I think most folk and fairy tales are teaching tales. They reflect the community’s belief of right over comes wrong, good conquers evil that justice will prevail, that greed, selfishness and jealousy are punished and that goodness is recognized and rewarded. This story is a classic tale because it so wonderfully illustrates the reward for piousness and good.  You get the love of a Prince. //

Finding My Flock

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Finding Your Tribe

I can’t stress enough the importance of finding your tribe.  Wild women make up mine.  You see them here – young, middle-aged, old – maiden, mother, crone.   Sisters, companions and beloved friends, peers, these are the commadras.  Isn’t it strange we have no feminine words for buddy, pal, compadre?  I think we women need more words to signify and define the nuances of our rich femininity.

The Ugly Duckling is about finding the companionship of peers; of those who share an orientation to the Earth and life, which coincides with your own.  Of course first you have to know what that is.  Hence the quest in the first part of life.  That’s the part where we waddle and quack about the world, making mistakes getting hurt,  enjoying and suffering huge tidal waves of emotion as we come to terms with our own humanity and the condition of being human.

Not everyone makes it.  Some crack, some break, some turn away and refuse further exploration, some never engage with solitude or introspection, some become addicted to the rush of novelty.  For me, there came a time when I began to know who I am.  When that happened, I I began longing for peers – those ones who also know themselves.

Mostly, I find them among women.

Femininity encompasses another layer of belongingness.

For the first three decades of my life I didn’t like other women much.  I thought men were smarter, more interesting, and led more exciting lives because, in my family, my Dad was the good guy.  He was calm in the midst of my mother’s erratic emotion and fair in the face of her injustice.  He “got” me, in a way I believed my mother never would.   Happily, in my thirties I discovered, the Goddess, the women’s movement and consciousness raising.  It changed my life and opened interior and exterior worlds to me, expanding heart, psyche, mind, soul and body.  It also opened the door to understanding and reconciling with my mother.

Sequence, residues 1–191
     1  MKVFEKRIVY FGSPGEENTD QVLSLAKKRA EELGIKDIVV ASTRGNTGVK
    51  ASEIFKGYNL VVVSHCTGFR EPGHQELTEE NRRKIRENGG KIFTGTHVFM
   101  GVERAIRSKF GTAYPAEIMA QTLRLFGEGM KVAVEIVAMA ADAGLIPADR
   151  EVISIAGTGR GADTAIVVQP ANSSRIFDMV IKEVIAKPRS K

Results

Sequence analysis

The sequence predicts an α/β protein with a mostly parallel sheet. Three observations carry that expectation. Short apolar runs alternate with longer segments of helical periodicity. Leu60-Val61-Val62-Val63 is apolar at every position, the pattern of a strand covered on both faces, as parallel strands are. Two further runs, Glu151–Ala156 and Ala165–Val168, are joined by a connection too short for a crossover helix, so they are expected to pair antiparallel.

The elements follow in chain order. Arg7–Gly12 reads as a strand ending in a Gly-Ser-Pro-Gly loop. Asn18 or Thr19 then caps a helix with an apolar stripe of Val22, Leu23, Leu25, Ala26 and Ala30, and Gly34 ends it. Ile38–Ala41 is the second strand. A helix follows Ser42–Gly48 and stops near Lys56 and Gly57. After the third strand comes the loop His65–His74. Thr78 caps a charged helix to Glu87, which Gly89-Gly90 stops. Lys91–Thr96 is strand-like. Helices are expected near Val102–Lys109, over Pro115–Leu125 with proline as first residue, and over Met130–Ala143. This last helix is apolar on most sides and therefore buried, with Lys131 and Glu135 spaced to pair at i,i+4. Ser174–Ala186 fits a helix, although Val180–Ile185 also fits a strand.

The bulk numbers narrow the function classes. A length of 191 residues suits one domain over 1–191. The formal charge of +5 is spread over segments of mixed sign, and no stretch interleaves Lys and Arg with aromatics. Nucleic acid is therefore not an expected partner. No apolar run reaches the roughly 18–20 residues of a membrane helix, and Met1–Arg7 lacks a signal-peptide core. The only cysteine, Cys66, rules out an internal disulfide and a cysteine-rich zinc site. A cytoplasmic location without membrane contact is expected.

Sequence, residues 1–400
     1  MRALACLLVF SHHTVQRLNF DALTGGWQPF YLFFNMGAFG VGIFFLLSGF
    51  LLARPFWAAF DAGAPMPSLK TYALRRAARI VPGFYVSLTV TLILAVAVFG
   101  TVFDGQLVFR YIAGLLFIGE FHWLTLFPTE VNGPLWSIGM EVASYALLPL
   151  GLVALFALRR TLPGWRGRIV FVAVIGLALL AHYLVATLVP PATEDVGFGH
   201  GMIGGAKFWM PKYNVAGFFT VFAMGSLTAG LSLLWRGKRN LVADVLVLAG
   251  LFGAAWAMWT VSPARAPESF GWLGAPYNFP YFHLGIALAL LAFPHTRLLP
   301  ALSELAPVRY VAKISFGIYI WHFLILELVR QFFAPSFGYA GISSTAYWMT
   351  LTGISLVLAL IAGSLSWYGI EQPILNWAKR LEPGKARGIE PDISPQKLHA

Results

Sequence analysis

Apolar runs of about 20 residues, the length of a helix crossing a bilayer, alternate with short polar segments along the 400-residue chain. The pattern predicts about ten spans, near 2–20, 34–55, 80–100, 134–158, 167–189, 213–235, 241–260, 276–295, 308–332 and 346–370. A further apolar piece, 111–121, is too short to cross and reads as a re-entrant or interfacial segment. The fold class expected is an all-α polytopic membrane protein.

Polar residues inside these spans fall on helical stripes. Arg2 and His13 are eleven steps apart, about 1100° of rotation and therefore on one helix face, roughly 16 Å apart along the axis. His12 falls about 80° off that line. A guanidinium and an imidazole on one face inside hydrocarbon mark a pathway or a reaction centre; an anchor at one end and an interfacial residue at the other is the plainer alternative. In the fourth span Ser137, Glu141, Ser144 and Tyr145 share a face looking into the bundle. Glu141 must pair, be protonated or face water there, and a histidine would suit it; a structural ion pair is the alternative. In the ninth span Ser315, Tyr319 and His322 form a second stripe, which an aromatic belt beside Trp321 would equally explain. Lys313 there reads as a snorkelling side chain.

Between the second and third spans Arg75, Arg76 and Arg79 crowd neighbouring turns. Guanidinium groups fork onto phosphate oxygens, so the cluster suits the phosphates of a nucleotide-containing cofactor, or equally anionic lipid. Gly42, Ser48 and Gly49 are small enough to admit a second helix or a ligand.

They also brought me to the profound realization that the Earth is one integrated whole soulful organism of which I am an integral part.  There is nowhere I go on this planet where I do not belong because the culture of nature is deeper and more encompassing than any human culture can ever be.

This collage celebrates my journey and all the different kinds of women who travel with me – my tribe, my commadras, my peers.  They bring me happiness, vitality, joy – each one of them holds home in her arms.

Embrace Our Differences

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Uglyduckling#2 Embrace Our Differences

Don’t judge a Duck by its Early Plumage.

 In this collage I am showing a variety of poultry. I’ve got a large beautiful Swan, two swans flying over head, a gaggle of geese, a turkey, a mother duck, ( she’s in the water behind the swan), ducklings and one large oversized cygnet.  One of the things l love about the word birds is the large range of animals the term embraces. There are birds that are tiny, such as the hummingbird, birds that swim but can’t fly, Penguins, a bird that can run fast, the Ostrich, diving birds, wading birds, small wings, huge winds, no wings at all. It’s all quite interesting and wonderful.

 In my collage mother duck has taken her babies down to the pond to teach them to swim. She is in the water telling them to jump in. When my son was little, maybe 30 months old we were on a small boat dock looking at some ducks. When I turned around my son had stepped off the dock and was underwater. I reach down and pulled him back up onto the dock. He wiped his eyes and smiled. It scared me. It hadn’t scared him. Two things happened without delay. I bought a life vest and he had to wear it any time we were near water. As soon as we got home I searched around for swimming lessons. As it turned out he loved to swim and decided to join a swim team. He became a competitive swimmer and worked for several years as a life guard. He, like the ducklings and the cygnet took to the water immediately.

 This story is about personal transformation and was one of Hans Christian Andersen’s favorites. He considered it his biography. As a child Hans was picked on by the other children. He had a big nose and very large feet. When he grew up it turned out that he had a beautiful singing voice and was talented in the theater. Before he wrote this story he discovered that he was the illegitimate son of the King of Denmark, Prince Christian Frederick. To Hans, the Ugly Duckling is a story about inner beauty and talent but also about secret lineage. He may have been ugly, like the ugly duckling, but like the duckling that turned into a swan, the most beautiful of all, Hans turned out to be a member of the royal family far superior then the local barnyard rabble that had been so verbally and physically abusive not so long ago.

The Ugly Duckling

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Uglyduckling#1The Misplaced Egg

The Ugly Duckling